How can you reap the benefits of Multisourcing?
Selecting a blend of internal and outsourced vendors for the delivery of IT Services, otherwise known as Multisourcing, is becoming increasingly popular as it allows enterprise organisations to obtain best-of-breed services, at a better price, under more flexible terms. Increasingly, organisations are deploying Service Integration and Management (SIAM) functions alongside Multisourced environments to ensure collaboration across multiple providers. However, implementing a successful SIAM function is not straightforward. In this article, we explore some important points to consider when building your SIAM function.
Contracting: – The appointment of an ‘Independent’ SIAM party, independent of any of the outsourced vendors, and who forms an integral part of the contracting team, is essential if the Multisourcing arrangement is to be successful. During contracting you have the opportunity to instil a spirit of cooperation between all parties from the get go, with the SIAM party forming a key role in establishing this mind-set. Defining Roles and Responsibilities and handoff points between providers in Operational Level Agreements (OLAs) supports the delivery of Service Level Agreements (SLAs). Consider SLAs that relate to critical business outcomes, instead of the uptime of an individual service component. Gainshare and Painshare arrangements should also be included in the contract terms as a means to incentivise supplier cooperation throughout the term of the deal.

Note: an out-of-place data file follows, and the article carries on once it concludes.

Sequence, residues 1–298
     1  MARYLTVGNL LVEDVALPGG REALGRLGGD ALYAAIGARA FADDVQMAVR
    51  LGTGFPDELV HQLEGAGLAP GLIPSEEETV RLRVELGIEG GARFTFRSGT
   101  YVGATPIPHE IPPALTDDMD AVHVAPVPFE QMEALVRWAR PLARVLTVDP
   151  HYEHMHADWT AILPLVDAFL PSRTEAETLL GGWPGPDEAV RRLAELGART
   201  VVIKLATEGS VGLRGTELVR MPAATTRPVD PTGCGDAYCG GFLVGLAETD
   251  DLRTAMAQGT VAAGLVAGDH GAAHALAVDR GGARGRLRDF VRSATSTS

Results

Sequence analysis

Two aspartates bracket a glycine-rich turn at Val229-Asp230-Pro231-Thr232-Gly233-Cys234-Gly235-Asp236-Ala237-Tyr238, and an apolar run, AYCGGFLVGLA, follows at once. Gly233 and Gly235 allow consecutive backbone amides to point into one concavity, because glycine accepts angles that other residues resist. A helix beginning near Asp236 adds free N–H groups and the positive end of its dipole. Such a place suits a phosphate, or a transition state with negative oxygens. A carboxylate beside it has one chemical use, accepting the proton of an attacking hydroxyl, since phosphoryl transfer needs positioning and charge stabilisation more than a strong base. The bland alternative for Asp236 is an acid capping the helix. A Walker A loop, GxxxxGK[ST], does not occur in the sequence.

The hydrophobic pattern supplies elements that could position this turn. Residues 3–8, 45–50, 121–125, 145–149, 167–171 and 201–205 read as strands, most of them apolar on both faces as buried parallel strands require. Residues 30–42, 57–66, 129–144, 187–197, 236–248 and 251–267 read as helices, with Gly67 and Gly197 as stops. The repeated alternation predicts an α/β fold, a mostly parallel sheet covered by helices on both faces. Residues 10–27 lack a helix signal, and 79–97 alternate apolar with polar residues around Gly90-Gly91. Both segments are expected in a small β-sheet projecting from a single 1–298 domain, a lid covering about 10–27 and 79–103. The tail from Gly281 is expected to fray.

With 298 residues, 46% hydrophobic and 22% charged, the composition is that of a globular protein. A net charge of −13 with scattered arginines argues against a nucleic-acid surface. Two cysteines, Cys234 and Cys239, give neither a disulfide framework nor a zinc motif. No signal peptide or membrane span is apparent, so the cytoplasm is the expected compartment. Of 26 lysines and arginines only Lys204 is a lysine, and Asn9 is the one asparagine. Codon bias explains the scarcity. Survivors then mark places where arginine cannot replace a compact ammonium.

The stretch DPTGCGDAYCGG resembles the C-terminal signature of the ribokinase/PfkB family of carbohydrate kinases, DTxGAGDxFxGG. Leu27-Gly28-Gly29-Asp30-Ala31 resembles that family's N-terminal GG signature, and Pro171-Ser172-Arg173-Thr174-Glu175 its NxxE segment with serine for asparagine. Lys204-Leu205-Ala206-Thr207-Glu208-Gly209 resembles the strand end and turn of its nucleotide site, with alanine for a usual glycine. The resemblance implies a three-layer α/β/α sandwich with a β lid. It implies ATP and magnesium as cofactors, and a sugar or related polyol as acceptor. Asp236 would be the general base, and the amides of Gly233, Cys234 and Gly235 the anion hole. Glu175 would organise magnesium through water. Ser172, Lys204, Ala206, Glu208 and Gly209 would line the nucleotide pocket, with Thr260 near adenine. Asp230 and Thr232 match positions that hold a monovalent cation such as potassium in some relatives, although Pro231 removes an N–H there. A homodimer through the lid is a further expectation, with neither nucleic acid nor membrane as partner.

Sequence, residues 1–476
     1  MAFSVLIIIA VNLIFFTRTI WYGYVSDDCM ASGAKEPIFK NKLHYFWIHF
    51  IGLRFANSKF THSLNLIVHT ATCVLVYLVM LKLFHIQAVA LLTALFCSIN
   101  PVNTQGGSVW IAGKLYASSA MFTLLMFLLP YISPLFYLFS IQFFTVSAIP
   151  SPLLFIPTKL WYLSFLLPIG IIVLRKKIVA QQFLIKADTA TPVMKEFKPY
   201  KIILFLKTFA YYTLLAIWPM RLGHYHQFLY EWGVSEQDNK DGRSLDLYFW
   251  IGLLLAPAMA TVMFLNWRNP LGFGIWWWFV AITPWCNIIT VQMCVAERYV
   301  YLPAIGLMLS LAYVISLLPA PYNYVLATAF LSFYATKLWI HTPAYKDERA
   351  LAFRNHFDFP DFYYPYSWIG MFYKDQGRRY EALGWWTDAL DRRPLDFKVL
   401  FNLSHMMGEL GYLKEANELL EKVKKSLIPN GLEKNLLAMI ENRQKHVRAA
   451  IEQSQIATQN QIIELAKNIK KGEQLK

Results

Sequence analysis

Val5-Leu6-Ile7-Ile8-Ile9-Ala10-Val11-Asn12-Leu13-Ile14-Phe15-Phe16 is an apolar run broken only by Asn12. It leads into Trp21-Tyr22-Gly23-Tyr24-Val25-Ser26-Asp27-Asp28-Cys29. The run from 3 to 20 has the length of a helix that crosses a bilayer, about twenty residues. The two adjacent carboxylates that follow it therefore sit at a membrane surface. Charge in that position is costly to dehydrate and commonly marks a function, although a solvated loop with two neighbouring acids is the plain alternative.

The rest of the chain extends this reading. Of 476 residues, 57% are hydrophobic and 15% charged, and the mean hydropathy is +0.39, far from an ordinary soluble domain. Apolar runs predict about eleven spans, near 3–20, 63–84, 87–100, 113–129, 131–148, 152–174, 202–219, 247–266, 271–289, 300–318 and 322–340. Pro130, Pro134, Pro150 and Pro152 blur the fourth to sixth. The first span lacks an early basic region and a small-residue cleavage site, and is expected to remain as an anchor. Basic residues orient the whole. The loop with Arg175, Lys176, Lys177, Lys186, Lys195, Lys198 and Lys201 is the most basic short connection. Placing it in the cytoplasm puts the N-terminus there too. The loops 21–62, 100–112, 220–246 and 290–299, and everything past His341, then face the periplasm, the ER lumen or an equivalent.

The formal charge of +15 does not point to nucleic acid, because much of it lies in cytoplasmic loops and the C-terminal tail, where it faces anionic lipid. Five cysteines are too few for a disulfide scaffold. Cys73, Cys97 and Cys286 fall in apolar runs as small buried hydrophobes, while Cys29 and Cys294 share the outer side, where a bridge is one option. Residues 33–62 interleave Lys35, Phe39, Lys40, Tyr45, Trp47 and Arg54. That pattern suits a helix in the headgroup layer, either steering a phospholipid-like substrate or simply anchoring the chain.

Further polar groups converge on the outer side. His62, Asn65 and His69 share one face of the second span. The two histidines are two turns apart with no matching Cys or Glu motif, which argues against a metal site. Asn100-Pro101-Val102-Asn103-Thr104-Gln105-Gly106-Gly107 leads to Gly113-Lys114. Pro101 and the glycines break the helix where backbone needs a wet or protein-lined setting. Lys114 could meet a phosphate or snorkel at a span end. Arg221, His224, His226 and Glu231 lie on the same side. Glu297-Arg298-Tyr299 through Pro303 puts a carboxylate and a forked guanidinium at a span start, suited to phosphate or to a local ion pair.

Build – Tools and Processes: Tools and processes are the foundation of the SIAM function. Getting this part right is fundamental, get it wrong and it will make integrating your Service Providers all the more difficult to achieve. Having providers design, build, and adopt a common set of ITIL tools and processes should be your end goal. This will ensure consistency and make operational ways of working easier to manage and maintain. This is not always possible, but even if providers insist on using their own tools and processes, clearly defining the workflows and federating the systems to automate the flow of tickets between different parties will streamline the execution of the service.
Steady State Operations: Once Steady State operations begin, the independent SIAM provider should be responsible for running the operational governance forums where all parties review performance against contracted KPIs and SLAs. Service Improvement plans need reviewing by all impacted parties, ensuring clear lines of responsibility and accountability for any remedial action. The SIAM provider should be on point to deal with contract or commercial disputes and work to resolve these effectively whilst maintaining a healthy relationship. A principle of “Fix First, Settle Later” needs to apply, supported by a culture of trust between all parties. The SIAM provider can also help to upskill the retained organization allowing for a phased and controlled transition of responsibility once the SIAM function has bedded in and steady state operations are running smoothly.
For a Multisource operating model to be successful, it is essential that each party operate in a consistent manner, integrated and with a focus on high quality end-to-end services. Designing the service model to look beyond the individual boundaries of responsibilities for a single supplier will lead to a more collaborative environment, and ultimately a better service to your customers.